I’m quick to tell him what I see him doing wrong, and he is quick to tell me what he sees and how to fix it. “We understand both of us can get the job done. At the end of the day we know the coaches are going to put the guy on the field they think can get the job done. We’re fine with that.” At West Point, the brotherhood runs deeper than time on the field as teammates. The Long Gray Line is instilled in cadets from breakfast to lights out. Army’s 2015 season ended with a disappointing 2-10 record, but Carter gained valuable playing time in two starts, a 31-21 loss to Rutgers and a 21-17 loss to Navy that the Black Knights led at halftime, 17-14. He compiled 251 total yards against Rutgers and threw for 208 against Navy. Read More


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    CDT Diana Contreras (ME, '17, E3)CDT Diana Contreras (ME, '17, E3) recently flew on a Russian MI-17 helicopter and US OH-58D as part of her Advanced Individual Academic Development summer assignment at Ft Eustis, VA. Diana is a Mechanical Engineering major focusing on Aeronautical and worked with the Aviation Applied Technology Directorate (AATD) this summer. The flights focused on aircraft control, flight test techniques, and the difference between US and Russian helicopters. Diana's work this Summer with AATD will support her upcoming capstone project focusing on using 3-d printing of aircraft components.


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  • 08/15/16--12:29: Annual War Crimes Staff Ride
  • The Department of Law recently completed its annual War Crimes Staff Ride, attended by Cadets Bradley, Chen, Orta and Briggs as well as LTC Gariepy. Highlights of the trip included a visit to the Srebrenica Memorial (the scene of one of the most notorious genocides in the 20th century where over 8,000 Bosnian Muslims were massacred in 1995 when the city fell to attacking Serbian forces), a private meeting with representatives of the Mothers of Srebrenica (an association representing 6000 women who lost family members during the Srebrenica genocide), along with guided tours of the Nuremberg Courtroom, the International Criminal Tribunal for Yugoslavia as well as the International Criminal Court. From the killings fields of Bosnia, to the halls of justice in the Hague, Department of Law Cadets were provided a unique insight into both the realities of war crimes in modern warfare re as well as ongoing international efforts to hold individuals accountable for these atrocities.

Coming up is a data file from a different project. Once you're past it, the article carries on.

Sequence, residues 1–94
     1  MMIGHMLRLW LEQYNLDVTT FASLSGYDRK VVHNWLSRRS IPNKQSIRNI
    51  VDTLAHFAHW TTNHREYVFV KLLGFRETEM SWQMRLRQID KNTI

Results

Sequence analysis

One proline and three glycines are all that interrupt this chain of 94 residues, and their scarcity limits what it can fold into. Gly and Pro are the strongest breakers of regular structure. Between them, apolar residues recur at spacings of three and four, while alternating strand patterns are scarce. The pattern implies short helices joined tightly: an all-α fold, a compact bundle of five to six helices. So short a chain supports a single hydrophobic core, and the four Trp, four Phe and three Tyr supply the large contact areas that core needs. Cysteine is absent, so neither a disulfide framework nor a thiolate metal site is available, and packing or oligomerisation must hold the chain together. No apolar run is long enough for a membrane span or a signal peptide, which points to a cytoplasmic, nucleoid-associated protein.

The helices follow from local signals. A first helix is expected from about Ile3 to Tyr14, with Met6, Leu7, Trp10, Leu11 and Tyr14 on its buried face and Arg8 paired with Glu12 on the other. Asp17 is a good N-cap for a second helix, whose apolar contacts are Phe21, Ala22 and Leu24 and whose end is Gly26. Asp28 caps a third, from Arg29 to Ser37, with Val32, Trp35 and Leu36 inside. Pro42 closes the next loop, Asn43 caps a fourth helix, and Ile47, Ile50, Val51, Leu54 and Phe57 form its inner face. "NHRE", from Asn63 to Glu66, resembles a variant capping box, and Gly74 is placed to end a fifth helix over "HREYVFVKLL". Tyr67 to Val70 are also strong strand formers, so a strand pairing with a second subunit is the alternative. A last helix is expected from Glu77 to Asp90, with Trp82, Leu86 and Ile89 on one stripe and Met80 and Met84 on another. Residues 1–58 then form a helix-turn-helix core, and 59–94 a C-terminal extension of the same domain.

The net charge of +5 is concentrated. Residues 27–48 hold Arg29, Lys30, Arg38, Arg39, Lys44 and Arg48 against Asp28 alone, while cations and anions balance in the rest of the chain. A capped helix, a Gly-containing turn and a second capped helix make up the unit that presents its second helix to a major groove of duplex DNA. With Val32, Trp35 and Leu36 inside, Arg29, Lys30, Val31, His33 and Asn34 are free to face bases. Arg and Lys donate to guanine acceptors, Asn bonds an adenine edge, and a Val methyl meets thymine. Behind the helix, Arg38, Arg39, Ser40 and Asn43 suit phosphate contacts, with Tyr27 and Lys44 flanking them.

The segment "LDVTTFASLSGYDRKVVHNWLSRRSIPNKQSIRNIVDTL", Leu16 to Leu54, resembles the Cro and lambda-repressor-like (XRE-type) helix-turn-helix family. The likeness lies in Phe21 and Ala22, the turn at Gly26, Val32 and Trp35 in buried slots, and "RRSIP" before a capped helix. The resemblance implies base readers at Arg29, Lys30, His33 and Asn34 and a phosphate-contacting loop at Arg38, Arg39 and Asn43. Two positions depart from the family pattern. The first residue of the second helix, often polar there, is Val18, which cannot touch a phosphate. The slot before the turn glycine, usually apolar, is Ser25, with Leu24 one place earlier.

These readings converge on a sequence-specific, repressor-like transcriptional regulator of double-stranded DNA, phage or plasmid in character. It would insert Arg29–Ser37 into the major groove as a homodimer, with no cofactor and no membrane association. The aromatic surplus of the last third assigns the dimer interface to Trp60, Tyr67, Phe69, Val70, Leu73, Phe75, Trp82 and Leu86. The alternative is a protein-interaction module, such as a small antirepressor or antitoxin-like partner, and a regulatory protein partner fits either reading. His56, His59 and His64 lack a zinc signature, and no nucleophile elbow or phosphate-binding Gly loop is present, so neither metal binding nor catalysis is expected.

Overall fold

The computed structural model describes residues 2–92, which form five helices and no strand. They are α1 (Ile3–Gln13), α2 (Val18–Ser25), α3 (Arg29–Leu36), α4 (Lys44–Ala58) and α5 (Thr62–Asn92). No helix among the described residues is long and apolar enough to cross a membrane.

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    LTC Ware and CPT Cosmas, faculty members from the Department of Geography and Environmental Engineering, and four cadets participated in an academy exchange program at the Malaysian Military Academy.The trip served to build collaboration and partnership in support of the USARPAC Theater Security Cooperation Plan, USMA Strategic Objectives and the Integrated Country Strategy for the US Embassy in Kuala Lumpur. The trip was funded through the Department of Behavioral Sciences and Leadership and its major aim was to share USMA best practices for leader development with NDUM through four mechanisms: 1) formal briefing of West Point Leader Development System at the institutional level, 2) presentation of USMA cadet experiences as they relate to leader development, 3) discussion of moral-ethical decision-making during USMA cadet-led Leader Challenge, and 4) informal conversations between USMA cadets and faculty with NDUM cadets and faculty.